This post contains spoilers about State of Wonder. Join the main discussion here.
As part of our challenge to read through the 100 Bestseller List presented in The Bestseller Code, I read Ann Patchett’s State of Wonder (Book #99 on the list). In State of Wonder, Dr. Marina Singh works for a pharmaceutical company in Minnesota. The story begins with her boss/lover, Mr. Fox, reading her a letter stating that her co-worker and friend, Anders Eckmann, has died of a fever at the company’s research site in the remote Amazon jungle. Dr. Eckmann was sent to Brazil to discern the progress of research into a fertility drug, research led by Dr. Annick Swenson. Since Dr. Swenson was an early mentor of Marina’s, Mr. Fox believes that Marina will be able to complete Eckmann’s mission and bring back the information. So, he sends Marina to Brazil.
This book couldn’t have been more different from our previous read, Shutter Island, #100 on the list. Whereas Shutter Island grabbed my attention from the very beginning, I felt quite literally like I was slogging through the Amazon jungle, hacking a pathway through the first third of State of Wonder. Was this the author’s intent, leading the reader to feel they had left the modern world behind for the slower pace of the jungle? If so, it didn’t work for me. Instead, I found myself skimming the story, trying to fast forward in hopes of discovering a reason to keep reading.
Marina eventually makes contact with Dr. Swenson, and from there the pace of the story picks up. And yet, I still didn’t care. I found the main character, Marina, oddly passive throughout most of the story, letting others set the course of her life, as though she had no opinions of her own and didn’t care which way they turned her or where they led her. It was difficult to feel strongly about her in any fashion, other than to maybe want to give her a strong shake and say, “Wake up! It’s your life!”
When I finished reading, I was in a “state of wonder” – wondering what the story was about and why I’d read it. Wondering how the computer algorithm from The Bestseller Code could have chosen this book, which was so different from Shutter Island, as a bestseller. Obviously I missed the point of the story somewhere, possibly taking a wrong turn down a tributary only to be lost in the jungle. So I picked the book back up and starting rereading it at Chapter Five, which is where Dr. Swenson appears. And I’m glad I did that. Several of the story lines became clearer to me on the second read through; I paid closer attention to conversations, and found some answers I had previously missed.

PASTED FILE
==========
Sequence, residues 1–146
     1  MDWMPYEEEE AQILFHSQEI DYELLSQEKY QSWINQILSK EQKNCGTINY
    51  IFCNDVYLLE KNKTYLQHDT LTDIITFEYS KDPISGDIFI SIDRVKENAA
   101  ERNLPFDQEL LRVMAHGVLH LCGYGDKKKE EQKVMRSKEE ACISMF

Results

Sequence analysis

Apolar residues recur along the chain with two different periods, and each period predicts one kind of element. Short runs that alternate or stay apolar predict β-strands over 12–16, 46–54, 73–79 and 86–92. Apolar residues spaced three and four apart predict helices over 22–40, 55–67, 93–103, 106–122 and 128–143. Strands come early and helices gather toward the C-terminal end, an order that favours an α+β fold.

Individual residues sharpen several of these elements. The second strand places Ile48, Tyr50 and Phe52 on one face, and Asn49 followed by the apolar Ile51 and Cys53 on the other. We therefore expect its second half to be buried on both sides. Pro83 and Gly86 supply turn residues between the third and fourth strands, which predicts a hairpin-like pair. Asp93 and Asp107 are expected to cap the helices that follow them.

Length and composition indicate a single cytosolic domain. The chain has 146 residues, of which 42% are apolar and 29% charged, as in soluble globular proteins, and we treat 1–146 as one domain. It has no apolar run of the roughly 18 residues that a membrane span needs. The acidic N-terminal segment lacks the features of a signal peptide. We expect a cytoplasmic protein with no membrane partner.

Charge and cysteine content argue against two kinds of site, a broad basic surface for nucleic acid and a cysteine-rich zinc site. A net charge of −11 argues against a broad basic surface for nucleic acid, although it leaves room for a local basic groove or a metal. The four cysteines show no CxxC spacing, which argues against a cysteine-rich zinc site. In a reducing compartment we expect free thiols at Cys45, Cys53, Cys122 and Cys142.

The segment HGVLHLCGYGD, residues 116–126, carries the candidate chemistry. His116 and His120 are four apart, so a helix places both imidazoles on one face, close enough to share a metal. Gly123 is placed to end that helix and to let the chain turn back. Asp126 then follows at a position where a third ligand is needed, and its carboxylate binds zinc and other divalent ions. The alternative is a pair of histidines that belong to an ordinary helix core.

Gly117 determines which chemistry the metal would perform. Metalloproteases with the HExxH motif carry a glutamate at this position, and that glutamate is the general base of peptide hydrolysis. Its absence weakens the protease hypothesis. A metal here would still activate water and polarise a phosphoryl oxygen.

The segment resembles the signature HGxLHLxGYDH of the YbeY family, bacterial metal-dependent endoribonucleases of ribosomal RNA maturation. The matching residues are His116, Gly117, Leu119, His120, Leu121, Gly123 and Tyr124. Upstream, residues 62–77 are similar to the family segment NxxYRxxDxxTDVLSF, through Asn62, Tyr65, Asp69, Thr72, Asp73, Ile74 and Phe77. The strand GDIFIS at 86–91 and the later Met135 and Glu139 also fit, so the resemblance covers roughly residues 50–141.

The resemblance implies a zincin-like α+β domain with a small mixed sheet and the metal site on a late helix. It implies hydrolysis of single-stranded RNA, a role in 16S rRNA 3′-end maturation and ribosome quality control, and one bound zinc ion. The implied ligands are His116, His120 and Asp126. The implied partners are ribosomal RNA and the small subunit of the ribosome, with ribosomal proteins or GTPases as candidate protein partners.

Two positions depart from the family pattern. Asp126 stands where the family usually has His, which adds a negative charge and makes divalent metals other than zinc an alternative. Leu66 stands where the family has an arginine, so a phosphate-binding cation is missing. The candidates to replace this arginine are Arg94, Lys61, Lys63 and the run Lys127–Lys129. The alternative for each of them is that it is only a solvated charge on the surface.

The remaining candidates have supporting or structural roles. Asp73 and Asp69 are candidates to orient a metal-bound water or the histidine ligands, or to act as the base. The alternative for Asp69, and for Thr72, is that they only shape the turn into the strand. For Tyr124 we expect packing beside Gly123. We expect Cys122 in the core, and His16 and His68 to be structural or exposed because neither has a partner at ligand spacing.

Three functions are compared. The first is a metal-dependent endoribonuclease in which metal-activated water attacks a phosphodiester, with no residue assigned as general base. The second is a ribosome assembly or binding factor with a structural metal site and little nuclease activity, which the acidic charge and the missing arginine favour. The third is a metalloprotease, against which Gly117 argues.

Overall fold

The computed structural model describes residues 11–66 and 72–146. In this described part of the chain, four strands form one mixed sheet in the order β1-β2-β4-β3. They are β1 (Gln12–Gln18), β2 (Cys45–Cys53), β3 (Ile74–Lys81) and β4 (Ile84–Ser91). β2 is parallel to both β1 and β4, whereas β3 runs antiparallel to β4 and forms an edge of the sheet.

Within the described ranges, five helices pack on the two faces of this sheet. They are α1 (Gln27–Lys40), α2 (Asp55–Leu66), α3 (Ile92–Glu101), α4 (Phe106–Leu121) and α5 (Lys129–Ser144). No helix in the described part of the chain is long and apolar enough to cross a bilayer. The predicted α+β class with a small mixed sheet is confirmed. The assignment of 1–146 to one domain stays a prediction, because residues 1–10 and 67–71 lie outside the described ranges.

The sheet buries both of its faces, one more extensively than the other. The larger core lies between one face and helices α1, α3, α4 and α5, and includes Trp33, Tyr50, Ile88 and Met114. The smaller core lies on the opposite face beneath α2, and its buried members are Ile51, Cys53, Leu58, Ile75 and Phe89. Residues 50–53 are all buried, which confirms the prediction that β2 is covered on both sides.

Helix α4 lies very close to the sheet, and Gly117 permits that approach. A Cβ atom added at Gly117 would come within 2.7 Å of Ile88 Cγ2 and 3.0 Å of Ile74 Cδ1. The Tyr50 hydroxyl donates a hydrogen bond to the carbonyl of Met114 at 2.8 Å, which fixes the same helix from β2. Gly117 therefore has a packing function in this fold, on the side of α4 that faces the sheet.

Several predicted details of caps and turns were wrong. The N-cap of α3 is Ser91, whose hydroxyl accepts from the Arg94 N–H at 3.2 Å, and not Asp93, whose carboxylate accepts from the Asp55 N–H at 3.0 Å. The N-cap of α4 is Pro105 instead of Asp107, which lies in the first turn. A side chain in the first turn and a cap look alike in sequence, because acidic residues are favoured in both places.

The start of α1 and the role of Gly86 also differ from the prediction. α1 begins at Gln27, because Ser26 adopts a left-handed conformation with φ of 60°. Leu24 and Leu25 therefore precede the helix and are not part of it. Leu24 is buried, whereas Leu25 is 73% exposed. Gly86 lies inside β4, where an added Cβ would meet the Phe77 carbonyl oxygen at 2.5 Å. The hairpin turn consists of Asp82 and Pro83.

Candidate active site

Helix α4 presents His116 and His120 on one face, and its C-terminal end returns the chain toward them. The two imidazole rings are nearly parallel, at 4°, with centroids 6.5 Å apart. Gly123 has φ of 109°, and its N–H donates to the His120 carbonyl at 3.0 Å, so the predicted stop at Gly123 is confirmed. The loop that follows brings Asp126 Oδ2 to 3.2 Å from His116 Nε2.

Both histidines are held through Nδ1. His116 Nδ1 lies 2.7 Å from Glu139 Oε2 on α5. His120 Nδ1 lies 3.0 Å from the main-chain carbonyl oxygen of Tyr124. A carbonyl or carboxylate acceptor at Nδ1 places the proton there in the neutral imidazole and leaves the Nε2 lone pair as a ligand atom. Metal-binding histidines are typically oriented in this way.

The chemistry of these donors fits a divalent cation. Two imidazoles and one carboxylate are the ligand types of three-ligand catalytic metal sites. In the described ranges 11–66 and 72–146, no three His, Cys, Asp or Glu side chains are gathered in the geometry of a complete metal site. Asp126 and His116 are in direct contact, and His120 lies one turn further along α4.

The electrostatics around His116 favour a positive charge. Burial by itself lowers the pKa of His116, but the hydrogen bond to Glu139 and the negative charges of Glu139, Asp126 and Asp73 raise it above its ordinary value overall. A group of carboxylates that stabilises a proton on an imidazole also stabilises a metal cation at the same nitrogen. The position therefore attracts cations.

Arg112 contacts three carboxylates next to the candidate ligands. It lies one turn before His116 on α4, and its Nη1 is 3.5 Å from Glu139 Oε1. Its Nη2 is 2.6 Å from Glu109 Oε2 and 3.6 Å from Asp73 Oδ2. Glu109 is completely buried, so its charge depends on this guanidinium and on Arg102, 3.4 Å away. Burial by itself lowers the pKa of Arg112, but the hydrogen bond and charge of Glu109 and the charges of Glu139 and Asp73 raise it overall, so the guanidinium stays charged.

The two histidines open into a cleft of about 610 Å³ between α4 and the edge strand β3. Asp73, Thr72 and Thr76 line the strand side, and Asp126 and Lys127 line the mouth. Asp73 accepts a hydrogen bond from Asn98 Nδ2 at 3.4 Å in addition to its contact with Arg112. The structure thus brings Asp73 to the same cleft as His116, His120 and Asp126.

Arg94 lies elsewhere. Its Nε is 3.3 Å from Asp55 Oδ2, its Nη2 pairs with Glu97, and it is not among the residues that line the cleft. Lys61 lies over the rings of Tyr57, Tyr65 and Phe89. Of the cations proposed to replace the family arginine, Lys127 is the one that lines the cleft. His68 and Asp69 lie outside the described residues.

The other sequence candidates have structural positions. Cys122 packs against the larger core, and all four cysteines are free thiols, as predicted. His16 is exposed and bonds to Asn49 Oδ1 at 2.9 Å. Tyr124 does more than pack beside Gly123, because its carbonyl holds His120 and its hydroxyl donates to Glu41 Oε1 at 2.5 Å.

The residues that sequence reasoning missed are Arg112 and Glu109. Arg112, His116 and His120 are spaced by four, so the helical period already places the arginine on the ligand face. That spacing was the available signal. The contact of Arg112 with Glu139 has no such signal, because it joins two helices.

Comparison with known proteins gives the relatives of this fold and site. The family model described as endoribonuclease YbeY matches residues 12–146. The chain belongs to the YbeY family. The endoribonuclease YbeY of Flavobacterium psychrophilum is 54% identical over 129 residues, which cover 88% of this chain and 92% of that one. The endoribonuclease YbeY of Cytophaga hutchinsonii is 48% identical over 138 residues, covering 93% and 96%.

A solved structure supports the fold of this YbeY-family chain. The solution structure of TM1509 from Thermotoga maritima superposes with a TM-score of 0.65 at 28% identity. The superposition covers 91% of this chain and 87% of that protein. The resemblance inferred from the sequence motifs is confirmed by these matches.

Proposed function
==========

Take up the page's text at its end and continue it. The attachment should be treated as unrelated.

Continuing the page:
Ann Patchett explores several important topics in State of Wonder – the impact of the modern world upon the Amazon and its inhabitants, the priority pharmaceutical companies place on developing new drugs for profits over the beneficial impact upon humanity, the need humans have to feel that they belong culturally, and more. It’s all there, if you care to cut through the vines and peer through the murky waters.
Will I read another Ann Patchett novel? Normally, I’d say no. But I do wonder if all her books are similar in character development, plot pace, etc. I’m open to suggestions. Post your favorite Anne Patchett novel in the comments, along with why you recommend it. And if State of Wonder is your favorite, kindly tell me what I missed!
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What are we reading next?
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The next book is number 98 on the list, Primary Colors by Anonymous, Joe Klein (1996) – Discussion begins December 5, 2016.